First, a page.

Of all the doctors’ offices I have been to, (and there have been many), there is one that stands out as being “The Best”. It is the office of Kathryn Fallon and Wendy Lit, Doctors of Optometry. I found them in a rather unscientific way. At the time, I was wearing contact lenses, and was searching for an office in my vision plan which sold them at the lowest price. I started down the list, making phone calls. In some cases I was put on hold for way too long; in others, my call was answered by someone who sounded stressed and/or annoyed. And then I called Drs. Fallon and Lit’s office. The phone was answered by the office manager, Bonnie, whose voice was friendly, welcoming, and felt like a ray of sunshine. I knew instantly that I had found the office I had been looking for.

Having now been a patient for many years, I can tell you that I always feel welcome when I walk in the door and am greeted by name. Although I have been cared for primarily by Dr. Lit, who is charismatic and caring, I have the utmost confidence in the medical care given by both doctors. I rarely, if ever, have been made to wait to see the doctor, and when I do have to wait, it is always with apologies.

I always look forward to going to this office, and have even dropped by with a special treat just to say “thank you” to everyone in the office.

Whether or not this letter is accepted as a “winner”, the doctors and staff at this office are already “winners” in my book. I sing their praises regularly.

Another great medical office, Dr. Aaron Hertel from Hertel and Brown, Erie, PA

November 16, 2009 by  
Filed under Featured


Submitted by Andrea Reynolds for her dad, Wesley Reynolds.

My 89 year old Dad’s DPT (Doctor of Physical Therapy (Aaron Hertel) is willing to put in
a handicap parking spot at his front door so Dad can get in and out of the van more
easily. See the photo of the front door at Frontier Place: http://www.hertelandbrown.com/
Most of their patients are young athletes. We already have the Handicap Placard, just not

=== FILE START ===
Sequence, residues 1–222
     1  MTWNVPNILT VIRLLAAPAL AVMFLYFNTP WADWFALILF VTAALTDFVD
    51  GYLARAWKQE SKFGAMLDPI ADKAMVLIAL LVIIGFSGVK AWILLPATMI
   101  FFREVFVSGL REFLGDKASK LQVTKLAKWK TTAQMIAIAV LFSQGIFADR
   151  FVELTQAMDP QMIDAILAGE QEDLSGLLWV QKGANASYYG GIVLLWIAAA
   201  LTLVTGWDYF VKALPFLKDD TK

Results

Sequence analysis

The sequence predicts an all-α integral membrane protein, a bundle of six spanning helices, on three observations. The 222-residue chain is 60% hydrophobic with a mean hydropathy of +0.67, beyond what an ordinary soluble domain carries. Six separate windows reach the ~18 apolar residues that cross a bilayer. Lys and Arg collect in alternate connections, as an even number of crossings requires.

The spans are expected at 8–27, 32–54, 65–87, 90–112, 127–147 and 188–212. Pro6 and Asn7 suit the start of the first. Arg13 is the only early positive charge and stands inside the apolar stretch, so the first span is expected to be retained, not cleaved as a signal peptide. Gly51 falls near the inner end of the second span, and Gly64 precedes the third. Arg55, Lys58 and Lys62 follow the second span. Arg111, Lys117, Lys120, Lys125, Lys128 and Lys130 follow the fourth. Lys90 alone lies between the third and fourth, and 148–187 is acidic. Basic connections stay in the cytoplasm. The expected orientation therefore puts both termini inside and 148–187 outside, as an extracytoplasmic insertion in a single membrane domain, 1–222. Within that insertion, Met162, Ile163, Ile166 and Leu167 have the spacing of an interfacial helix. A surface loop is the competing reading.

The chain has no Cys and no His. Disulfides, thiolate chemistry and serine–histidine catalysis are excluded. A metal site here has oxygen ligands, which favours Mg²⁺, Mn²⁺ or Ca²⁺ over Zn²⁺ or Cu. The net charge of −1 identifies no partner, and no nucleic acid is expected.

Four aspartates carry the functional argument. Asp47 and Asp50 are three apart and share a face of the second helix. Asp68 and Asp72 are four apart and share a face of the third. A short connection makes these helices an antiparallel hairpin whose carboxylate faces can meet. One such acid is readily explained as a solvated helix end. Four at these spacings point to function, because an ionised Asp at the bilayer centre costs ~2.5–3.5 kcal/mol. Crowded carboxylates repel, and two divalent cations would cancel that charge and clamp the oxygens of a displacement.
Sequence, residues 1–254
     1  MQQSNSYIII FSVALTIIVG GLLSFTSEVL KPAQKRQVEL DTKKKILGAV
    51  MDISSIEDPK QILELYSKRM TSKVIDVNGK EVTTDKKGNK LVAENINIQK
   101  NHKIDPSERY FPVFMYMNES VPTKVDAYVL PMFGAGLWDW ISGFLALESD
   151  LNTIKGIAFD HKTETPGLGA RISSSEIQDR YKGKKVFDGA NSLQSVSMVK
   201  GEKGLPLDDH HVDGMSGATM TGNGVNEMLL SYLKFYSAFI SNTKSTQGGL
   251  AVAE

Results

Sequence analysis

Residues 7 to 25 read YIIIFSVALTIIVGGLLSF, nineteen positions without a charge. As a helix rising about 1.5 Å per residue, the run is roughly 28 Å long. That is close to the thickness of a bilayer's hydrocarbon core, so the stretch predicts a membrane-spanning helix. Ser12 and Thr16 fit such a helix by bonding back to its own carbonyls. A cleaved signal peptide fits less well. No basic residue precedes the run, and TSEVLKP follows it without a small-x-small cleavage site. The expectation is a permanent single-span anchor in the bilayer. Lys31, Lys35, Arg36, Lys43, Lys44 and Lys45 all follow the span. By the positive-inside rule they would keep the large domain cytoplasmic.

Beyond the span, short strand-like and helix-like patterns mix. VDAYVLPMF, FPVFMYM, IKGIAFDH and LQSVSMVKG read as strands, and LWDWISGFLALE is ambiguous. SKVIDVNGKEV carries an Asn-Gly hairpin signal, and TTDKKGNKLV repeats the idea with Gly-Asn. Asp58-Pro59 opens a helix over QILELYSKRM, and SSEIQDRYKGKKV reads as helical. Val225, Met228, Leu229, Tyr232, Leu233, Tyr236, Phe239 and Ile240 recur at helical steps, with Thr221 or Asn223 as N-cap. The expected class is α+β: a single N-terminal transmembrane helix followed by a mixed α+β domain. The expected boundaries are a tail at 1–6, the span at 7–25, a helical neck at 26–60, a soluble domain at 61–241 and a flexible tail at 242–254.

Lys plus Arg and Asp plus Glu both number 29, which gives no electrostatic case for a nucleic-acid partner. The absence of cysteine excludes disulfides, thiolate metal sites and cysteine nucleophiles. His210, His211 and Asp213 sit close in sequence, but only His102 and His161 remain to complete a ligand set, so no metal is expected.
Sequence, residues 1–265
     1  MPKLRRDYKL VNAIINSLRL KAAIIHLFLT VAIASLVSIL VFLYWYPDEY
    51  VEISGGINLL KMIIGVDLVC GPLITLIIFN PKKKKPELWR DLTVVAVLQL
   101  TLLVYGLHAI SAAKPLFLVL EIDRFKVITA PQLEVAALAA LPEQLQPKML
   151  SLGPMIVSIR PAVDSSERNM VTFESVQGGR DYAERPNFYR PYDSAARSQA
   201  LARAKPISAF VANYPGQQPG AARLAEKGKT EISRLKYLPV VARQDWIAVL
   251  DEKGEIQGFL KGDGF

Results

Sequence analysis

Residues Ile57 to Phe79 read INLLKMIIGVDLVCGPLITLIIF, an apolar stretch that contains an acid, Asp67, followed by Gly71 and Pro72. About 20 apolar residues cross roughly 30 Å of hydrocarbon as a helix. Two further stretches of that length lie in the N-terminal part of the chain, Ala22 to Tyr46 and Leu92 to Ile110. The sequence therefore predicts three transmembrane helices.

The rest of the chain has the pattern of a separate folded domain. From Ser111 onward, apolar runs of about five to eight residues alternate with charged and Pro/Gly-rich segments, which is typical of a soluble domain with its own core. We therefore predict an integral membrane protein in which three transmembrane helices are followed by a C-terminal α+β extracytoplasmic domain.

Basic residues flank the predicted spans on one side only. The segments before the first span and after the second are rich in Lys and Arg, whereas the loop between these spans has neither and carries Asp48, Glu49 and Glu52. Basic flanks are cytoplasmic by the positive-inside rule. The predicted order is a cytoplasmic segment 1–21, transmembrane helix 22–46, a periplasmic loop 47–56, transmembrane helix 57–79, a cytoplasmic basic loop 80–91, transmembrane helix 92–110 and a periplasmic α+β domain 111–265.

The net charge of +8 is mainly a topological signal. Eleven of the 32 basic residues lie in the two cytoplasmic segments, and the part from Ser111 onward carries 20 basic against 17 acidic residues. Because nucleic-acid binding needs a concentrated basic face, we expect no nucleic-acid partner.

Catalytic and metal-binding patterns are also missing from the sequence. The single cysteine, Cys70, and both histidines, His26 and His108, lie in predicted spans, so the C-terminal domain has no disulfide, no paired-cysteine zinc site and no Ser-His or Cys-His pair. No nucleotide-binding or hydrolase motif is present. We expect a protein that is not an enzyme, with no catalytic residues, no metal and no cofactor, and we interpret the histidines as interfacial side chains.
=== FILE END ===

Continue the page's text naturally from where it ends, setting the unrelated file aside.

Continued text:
the place to park.

Hertel and Brown, Frontier Place, 1337 West 6th Street, Erie, PA 16505

Andrea Reynolds, THE CRISIS CLINIC
I champion for justice if you’ve been
cheated, mistreated, or swindled. Retain
me to restore your money, property, reputation.
http://www.AndreaReynolds.com/crisisbrainstorm

Winner of Best Office Story: Dr. William Lyons of Long Beach, California

November 12, 2009 by  
Filed under Featured


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Medical Office Winner: William Lyons, M.D., 4301 Atlantic Ave., Long Beach, California

From Randa, his patient:

I have several specialty doctors like many others. Thus, evaluating and determining impressive offices is an activity to engage in while waiting. The details of my impressive office begin before I get there. I know the parking will be simple and with no parking fee. The office is on the ground floor. This adds up to saved time and money. I know before arriving that I can treat myself to reading a book or writing notes while waiting. (and rarely is the wait long). It is a treat because the waiting room is comfortable, windows to see the outdoors, and NO TV blaring. Maybe there will be soft music playing and always an abundance of RECENT, quality periodicals to tempt me over the book I brought. The receptionist is like a welcoming friend. She takes the time for short conversation and always alerts me and the other patients if the doctor is delayed and how long it might be. It is a restful place.

The office is impressive because of the doctor. An internist with specialty in oncology and hematology with two offices. I see him in his internal medicine office. I can best describe him as “superb family doctor type” with specialties: asks about my family, knows my interests, refreshes himself on details of my chart, listens to me, answers all questions, and even more importantly teaches me on the recent medical/medication advances. Have you ever had the doctor assist you in taking off your jacket and hanging it up? Have you ever had the doctor jot down a reminder to himself to provide you with a resource for an interest of yours not related to exam? Have you ever had the doctor go over every details of your lab reports? Have you ever had the doctor alert you to some basic safety issues to protect you? Have you ever had a perceptive doctor who seemed to know you had other things on your mind and ask you about it? William Lyons, M.D., 4301 Atlantic Ave., Long Beach provides me with an IMPRESSIVE doctor’s office.